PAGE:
Joy Comes With the Morning

Photo by David Roncolato

Psalm 30:5

 

“Weeping may linger for the night,

but joy comes with the morning.”

A few of the things that have never failed to bring me joy are:

~ groups of noisy chirping birds that I can’t find

~ being a back up alto for James Taylor

~ staring at old photos

~ reaching the end of a good novel

~ waking up before anyone else

Writing.

I like to write.

And now, I like to make friends with other writers. Many of them are being nice right back to me.

Your best writing reflects your genuine heart.

~ Jim Brennan

That hasn’t been my experience with all artists, and I am lucky enough to have friends of each variety: actors, musicians, potters, photographers, dancers…

I’m sure that after some thought I would figure out that one type of artist isn’t more generous than the next. People are just who they are when it really comes down to it all.

But, I’m starting to wonder if part of the reason I am really starting to enjoy writing is that it is like theater. Unless it’s a grocery list, there needs to be an audience for most writing worth the work. So, having the confidence to either ask or give feedback is not that different from having the confidence to hit the stage and find out that the audience either loves or doesn’t love the performance.

With that thought, I’m now remembering how during those theater days of my childhood until early adulthood, experiencing joy was as easy as saying yes to my sons when they ask to play in the rain.

What did I have to lose after all of those hours of rehearsal? Not much. Most things were fun, exactly for the sake of being fun.

Joy doesn’t always come easily.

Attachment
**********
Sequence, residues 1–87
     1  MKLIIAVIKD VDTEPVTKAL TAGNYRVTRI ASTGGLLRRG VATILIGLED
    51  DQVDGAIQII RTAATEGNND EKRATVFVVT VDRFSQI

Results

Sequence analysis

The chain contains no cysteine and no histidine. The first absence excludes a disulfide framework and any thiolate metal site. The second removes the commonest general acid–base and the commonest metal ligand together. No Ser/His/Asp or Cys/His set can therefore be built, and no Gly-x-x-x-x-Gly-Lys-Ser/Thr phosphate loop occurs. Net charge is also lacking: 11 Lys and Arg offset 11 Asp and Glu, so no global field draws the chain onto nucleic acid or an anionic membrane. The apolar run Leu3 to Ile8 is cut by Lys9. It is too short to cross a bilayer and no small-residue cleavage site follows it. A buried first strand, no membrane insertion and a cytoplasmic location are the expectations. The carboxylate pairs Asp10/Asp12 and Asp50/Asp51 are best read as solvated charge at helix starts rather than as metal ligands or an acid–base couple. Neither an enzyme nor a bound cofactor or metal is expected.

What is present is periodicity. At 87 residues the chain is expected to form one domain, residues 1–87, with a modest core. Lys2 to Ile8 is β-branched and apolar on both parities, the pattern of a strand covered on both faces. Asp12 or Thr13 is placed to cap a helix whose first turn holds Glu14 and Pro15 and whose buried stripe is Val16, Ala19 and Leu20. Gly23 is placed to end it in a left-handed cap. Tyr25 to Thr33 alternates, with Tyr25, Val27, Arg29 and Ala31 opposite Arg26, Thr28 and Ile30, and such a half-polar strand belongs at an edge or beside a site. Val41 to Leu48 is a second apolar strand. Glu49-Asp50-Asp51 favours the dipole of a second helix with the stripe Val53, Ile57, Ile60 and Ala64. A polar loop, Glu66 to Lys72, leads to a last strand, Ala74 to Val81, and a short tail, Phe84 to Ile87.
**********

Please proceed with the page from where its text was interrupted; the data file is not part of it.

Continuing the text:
I guess that is what I’m trying to say. Life is full of complex and tough stuff.

Some days and life stages can seem like a sad night that will never, ever end.

And other times, can be as light as the photo of my friends who found a water fountain amidst the heat wave last week.

These are my thoughts this morning, and guess what? The sun is up, the birds are making a racket outside, and (shh), I have a few more minutes to myself.

Forgiveness Friday: Faith is Suspension of Disbelief

My Dad. Actor, director, tech guy and teacher.

Transcendent faith only works when we willingly suspend our disbelief.

That is why God invented a lot of things, but I’m on a Maurice Sendak roll, so today I am celebrating charcoal pencils, watercolors and the printed book industry.

The suspension of disbelief is a theater term. According to my father, who is King of all that is Drama,  entertainment should be the obvious goal of a show. Not all directors or actors agree with him, but they should. He is King.

A good show suspends our disbelief that, whatever. That our bills will get paid, our kids will ever grow up, that our nation will thrive despite ourselves. If a show is done right, even the intermission is a buzz of non-rememberance that the snow piling up outside the box office door is anything but that: just snow. But inside, a real or fanatical story is put to stage by real people, and hopefully, the audience is engaged in most anything but their worries and doubts. For a few minutes anyway. It is a few hours of possibility.

Maybe an interesting lesson is taught in the meantime, or a cool story is told – but for me, the gift of that time in the dark for the audience is that we are forcefully faithful. Why else pay the ticket price if you aren’t going to try to believe in something? For a while anyway.

Okay, I guess this post actually is about theater, and that’s okay. Maybe some other day I will draw out (pun intended) why I put the work of Sendak in my same personal category file of favorites which includes Samuel Beckett, Alvin Ailey and Juliet Child.

Instead I’m going to hunt up a photo of my second favorite actor, who I can only guess agrees with my sermon of the day. Here he is suspending your disbelief, if you care to have it gone for a short time:

Whoopsie. I can’t find my photos of Bud Thorpe, my father’s student who went on to study and act with Samuel Beckett. The Count works just as well I hope.

And here is a quote to keep it real:

“The tears of the world are a constant quantity. For each one who begins to weep somewhere else another stops. The same is true of the laugh. Let us not then speak ill of our generation, it is not any unhappier than its predecessors. Let us not speak well of it either. Let us not speak of it at all. It is true the population has increased.”
– Samuel Beckett, Waiting for Godot